ECLAC report examines Caribbean FDI trends
The United Nations Economic Commission for Latin America and the Caribbean has released a report, Foreign direct investment in the Caribbean: Trends, determinants and policies, examining the region’s post-2008 FDI trends.
The Caribbean receives some of the highest levels of FDI in the world, with many of the region’s economies achieving FDI-to-GDP ratios above 10 percent in 2012.
Neither Latin America with its ratio of 3 percent nor other developing regions are accomplishing that.
The report examines investment activity across various sectors, including investments in natural resources, market-seeking activities, export-oriented activities, manufacturing, tourism and BPO (business process outsourcing).
According to the report, the region’s economies are based primarily on the production of goods (mostly natural resources) and services.
However, Caribbean-based extractive industries, along with the region’s ability to attract market-seeking investment, particularly in banking, utilities and telecommunications, have contributed to its increasing FDI inflows.
Banking is one of the most active sectors in the Caribbean, with several large international players active in the pan-Caribbean market.
Telecommunications services in most Caribbean countries have become world class due to high investments by transnational corporations. This has allowed the development of business processing outsourcing (BPO) sector in many economies. Trinidad and Tobago in particular has been recognised recently for its strengths as a low cost BPO location.
The report asserts that “the rise in FDI inflows in 2011 and 2012 can be credited exclusively to the rise in Trinidad and Tobago. FDI in that country jumped from 549 million dollars in 2010 to 1.8 billion in 2011…”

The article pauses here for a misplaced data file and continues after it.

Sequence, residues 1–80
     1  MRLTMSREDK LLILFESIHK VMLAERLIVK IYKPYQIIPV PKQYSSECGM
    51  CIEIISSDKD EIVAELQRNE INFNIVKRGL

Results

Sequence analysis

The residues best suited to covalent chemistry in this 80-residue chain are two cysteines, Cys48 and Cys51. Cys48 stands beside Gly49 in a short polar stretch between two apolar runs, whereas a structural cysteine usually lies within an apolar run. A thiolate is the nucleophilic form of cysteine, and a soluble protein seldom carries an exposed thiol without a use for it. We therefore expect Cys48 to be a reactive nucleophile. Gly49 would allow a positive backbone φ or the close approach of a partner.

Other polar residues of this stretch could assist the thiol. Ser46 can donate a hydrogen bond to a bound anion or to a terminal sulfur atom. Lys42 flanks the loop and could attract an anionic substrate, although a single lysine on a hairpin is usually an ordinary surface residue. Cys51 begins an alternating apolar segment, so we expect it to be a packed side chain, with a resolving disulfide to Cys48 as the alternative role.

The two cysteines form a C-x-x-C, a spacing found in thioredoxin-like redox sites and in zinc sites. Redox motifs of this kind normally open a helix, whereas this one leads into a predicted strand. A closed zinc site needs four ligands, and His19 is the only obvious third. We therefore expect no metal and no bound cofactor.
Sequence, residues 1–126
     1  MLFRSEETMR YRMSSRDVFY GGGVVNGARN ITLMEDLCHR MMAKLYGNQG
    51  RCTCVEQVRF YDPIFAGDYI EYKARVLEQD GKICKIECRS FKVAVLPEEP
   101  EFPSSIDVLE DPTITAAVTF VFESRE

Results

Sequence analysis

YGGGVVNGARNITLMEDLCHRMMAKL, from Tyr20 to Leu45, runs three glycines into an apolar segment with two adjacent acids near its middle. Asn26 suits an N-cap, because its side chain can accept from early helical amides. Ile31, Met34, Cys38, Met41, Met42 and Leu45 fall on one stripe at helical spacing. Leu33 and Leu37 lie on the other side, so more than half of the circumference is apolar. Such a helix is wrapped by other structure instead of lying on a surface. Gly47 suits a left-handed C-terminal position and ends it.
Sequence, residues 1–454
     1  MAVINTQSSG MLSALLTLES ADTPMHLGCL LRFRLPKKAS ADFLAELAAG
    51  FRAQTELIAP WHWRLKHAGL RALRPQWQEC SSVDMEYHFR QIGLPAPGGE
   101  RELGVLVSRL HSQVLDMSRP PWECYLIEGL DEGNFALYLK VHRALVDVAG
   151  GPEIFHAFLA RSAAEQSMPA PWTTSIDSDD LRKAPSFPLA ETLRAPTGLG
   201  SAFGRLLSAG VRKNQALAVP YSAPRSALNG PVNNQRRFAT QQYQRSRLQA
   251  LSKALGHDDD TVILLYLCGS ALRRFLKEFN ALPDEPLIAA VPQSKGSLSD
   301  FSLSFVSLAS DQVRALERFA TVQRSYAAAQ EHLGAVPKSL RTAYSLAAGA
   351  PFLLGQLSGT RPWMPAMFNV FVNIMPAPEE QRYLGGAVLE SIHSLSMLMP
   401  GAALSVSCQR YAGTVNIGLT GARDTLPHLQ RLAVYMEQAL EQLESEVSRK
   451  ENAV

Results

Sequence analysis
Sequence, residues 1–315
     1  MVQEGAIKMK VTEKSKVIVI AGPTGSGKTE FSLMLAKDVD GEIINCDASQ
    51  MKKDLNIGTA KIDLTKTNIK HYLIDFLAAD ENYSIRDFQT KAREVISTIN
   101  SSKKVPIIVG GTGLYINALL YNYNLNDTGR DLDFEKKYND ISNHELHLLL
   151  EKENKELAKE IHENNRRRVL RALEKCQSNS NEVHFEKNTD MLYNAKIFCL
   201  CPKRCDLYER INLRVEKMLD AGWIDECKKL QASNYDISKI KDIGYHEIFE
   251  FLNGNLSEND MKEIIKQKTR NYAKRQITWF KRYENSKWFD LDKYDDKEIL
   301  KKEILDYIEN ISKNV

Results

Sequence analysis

While forty-five percent of Trinidad’s GDP is in gas and oil production, the country is positioning itself as a center for services in the oil and gas industry worldwide.
The Caribbean region’s strong advantages in tourism and other export-oriented businesses have also continued to attract many foreign direct investors, “to make use of the highly educated and English-speaking population that is close to the United States,” says ECLAC.
Investor surveys mentioned in the report list the Caribbean’s proximity to the United States, natural resources, “natural beauty” as a factor in tourism and English-speaking labour force as strong incentives for investment. Transnational companies based in Canada, the United States, Japan, China, India and more have all brought significant investment to the area.
The economies of Trinidad and Tobago, Belize, Guyana and Suriname are recognised for abundant natural resources in land, minerals or hydrocarbons. Those resources have positioned these countries to benefit from rising commodities prices and to attract more investors to the natural resources sector.
Other Caribbean region strengths touched on in the ECLAC report are the average years of education of the Caribbean population over 15, at 9.48 years exceeding Latin America’s average at 8.21 years (Barro and Lee 2012).
The Caribbean also outranks the rest of Latin America consistently in quality of governance doing better on such indices as freedom to do business, stability of the political environment and consistency in regulations.